Dr. Edd Rhoades
Chief Medical Officer
41 years of service
Got any favorite quotes?
“The test of the morality of a society is what it does for its children.”
Who inspires you?
First, I’m inspired by my parents, who instilled in me a strong work ethic, the importance of family, and a desire to help others. In relation to my career at OSDH, I’m have been inspired by Dr. Sara DePersio, who supported me in the development of children’s health services and who encouraged her service and division leaders to strive to be the best in the country. Lastly, I’m inspired by my fellow public health colleagues who come together as a highly functioning team to address each new public health challenge.
If someone was interested in a public health career, what advice or encouragement would you give them?
If you are interested in making a difference in the health outcomes of your community, your state or nationally, public health offers a wide range of career opportunities. Unlike clinical medicine, which focuses on individuals, public health focuses on preventing health problems from occurring within a population, on protecting the health of a population, and on promoting the wellness of a population. By choosing to work in public health, you have the opportunity to improve the health of entire populations.
How did you start working in public health?
My introduction to public health was in 1970 through an externship with the U.S. Public Health Service in Bethesda, Maryland, at the National Institutes of Health. Upon completion of my residency training in pediatrics at the OU Health Sciences Center in 1975, I joined the Commissioned Corp of the U.S. Public Health Service, and was stationed at the U.S. Public Health Service Indian Hospital in Shiprock, New Mexico, on the Navajo Indian Reservation for three years. I returned to Oklahoma in 1978 when I accepted the position as director of the Pediatric Division, Maternal and Child Health Service, Oklahoma State Department of Health, where I have made public health the focus of my career.
Can you share a few highlights of your experience in public health in Oklahoma? What is the most rewarding part of your work?
I have been privileged to be part of a number of public health initiatives to improve the health of Oklahomans such as newborn screening, child abuse prevention and immunizations. When I first arrived in 1978, Maternal and Child Health and the Public Health Laboratory embarked on the first expansion of newborn screening to include hypothyroidism. This expansion was followed by a series of expansions over the years to where we now screen infants for 54 different conditions including newborn hearing screening.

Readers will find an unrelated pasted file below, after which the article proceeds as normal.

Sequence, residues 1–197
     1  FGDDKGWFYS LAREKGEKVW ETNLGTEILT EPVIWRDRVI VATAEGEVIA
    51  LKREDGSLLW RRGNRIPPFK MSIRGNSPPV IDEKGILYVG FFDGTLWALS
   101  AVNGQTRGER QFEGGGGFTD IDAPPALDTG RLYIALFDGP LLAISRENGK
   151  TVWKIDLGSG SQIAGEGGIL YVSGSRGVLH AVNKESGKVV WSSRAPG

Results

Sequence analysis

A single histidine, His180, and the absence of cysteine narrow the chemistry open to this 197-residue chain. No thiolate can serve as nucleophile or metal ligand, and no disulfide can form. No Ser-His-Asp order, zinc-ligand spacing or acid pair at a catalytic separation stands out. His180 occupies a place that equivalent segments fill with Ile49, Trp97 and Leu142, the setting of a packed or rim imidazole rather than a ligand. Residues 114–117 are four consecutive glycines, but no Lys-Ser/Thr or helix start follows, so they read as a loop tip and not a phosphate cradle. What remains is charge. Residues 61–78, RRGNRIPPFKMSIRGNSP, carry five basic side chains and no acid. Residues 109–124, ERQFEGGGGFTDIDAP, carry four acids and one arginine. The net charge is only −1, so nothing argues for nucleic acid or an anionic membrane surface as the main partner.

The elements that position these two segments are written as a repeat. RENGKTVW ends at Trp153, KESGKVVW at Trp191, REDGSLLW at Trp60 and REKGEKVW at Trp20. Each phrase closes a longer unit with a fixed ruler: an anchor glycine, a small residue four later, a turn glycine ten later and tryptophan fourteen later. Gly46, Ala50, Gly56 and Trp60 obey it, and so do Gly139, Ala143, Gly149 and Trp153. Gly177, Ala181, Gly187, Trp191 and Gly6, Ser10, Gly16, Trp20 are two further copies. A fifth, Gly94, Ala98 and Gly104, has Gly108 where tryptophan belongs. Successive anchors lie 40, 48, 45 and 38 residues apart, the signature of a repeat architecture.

Another highlight occurred in 1985 when the Office of Child Abuse Prevention (OCAP) was established. Since then, I have worked with the team which implemented the regional community-based child abuse prevention programs. In the mid-1990s, I worked with the team who implemented Children’s First (nurse family partnership) beginning with a pilot in four counties in the mid-1990s and followed by statewide expansion the second year. Of note, Oklahoma was the first state in the nation to implement Nurse Family Partnership as a statewide child abuse prevention initiative. A third highlight would be working with the Immunization Division in the late 1990s to implement and update school requirements for vaccinations for Hepatitis A, Hepatitis B, Varicella, and the second dose for MMR. With these changes, Oklahoma became the first state in the nation to implement school entry requirements for the hepatitis A vaccine.
The most rewarding part of my work has been being part of a team of public health professionals, partner agencies and organizations that come together to plan, develop and implement programs and initiatives to improve the health of Oklahoma’s children, families and the citizens.
In your role, how do you educate people about public health?
In my role, educating people about public health occurs in a variety of ways ranging from educational flyers and conference presentations to representing the agency on various boards, councils and committees. With the Chase Morris Sudden Cardiac Arrest Prevention Act, the focus was on developing educational information for student athletes, parents, and coaches. With implementation of the medical marijuana program, my focus was on developing educational flyers for pregnant women and their infants and on child safety for parents and grandparents. In working with a graduate student, the focus was developing a website about lead in water and an educational flyer for pregnant women about lead in water.
What is the most difficult part of your job?
Recognizing the role that social determinants of health have on health outcomes, I believe one of the more difficult challenges for me and public health to improving Oklahoma’s public health outcomes and rankings lies in developing and implementing strategies to address the social determinants of health.
What is the most rewarding experience you have had in public health?
One of the most rewarding experiences of my career has been the opportunity to work with the team responsible for development of the SoonerStart early intervention program. Efforts began in 1996 for Oklahoma’s state plan to provide family-centered early intervention services to infants and toddlers from birth to 3 years of age with a developmental delay or an established risk for delay through a multi-agency collaboration. The result was SoonerStart, a collaborative state agency service delivery model, with the Oklahoma State Department of Education as the lead agency and OSDH as the primary provider of early intervention services to infants and children. Over the years, I never cease to be amazed at how appreciative families are of the services provided through SoonerStart.